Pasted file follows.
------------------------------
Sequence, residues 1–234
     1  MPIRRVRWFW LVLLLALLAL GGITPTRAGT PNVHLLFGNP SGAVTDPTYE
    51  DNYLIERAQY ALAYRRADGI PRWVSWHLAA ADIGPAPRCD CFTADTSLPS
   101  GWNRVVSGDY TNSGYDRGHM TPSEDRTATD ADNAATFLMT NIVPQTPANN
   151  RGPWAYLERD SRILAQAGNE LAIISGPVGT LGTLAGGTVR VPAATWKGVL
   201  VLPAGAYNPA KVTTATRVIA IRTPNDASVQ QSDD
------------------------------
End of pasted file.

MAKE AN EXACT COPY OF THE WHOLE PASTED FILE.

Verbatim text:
Sequence, residues 1–234
     1  MPIRRVRWFW LVLLLALLAL GGITPTRAGT PNVHLLFGNP SGAVTDPTYE
    51  DNYLIERAQY ALAYRRADGI PRWVSWHLAA ADIGPAPRCD CFTADTSLPS
   101  GWNRVVSGDY TNSGYDRGHM TPSEDRTATD ADNAATFLMT NIVPQTPANN
   151  RGPWAYLERD SRILAQAGNE LAIISGPVGT LGTLAGGTVR VPAATWKGVL
   201  VLPAGAYNPA KVTTATRVIA IRTPNDASVQ QSDD